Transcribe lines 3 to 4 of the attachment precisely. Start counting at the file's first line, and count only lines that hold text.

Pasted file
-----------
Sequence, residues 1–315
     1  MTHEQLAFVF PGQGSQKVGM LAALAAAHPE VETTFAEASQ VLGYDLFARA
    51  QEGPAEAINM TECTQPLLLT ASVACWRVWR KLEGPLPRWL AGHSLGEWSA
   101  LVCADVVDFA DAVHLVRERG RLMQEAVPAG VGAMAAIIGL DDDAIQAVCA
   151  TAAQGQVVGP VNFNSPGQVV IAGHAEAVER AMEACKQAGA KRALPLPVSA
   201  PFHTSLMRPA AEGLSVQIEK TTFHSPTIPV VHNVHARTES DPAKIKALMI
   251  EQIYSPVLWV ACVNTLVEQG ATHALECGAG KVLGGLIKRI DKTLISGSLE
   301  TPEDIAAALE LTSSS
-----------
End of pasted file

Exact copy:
    51  QEGPAEAINM TECTQPLLLT ASVACWRVWR KLEGPLPRWL AGHSLGEWSA
   101  LVCADVVDFA DAVHLVRERG RLMQEAVPAG VGAMAAIIGL DDDAIQAVCA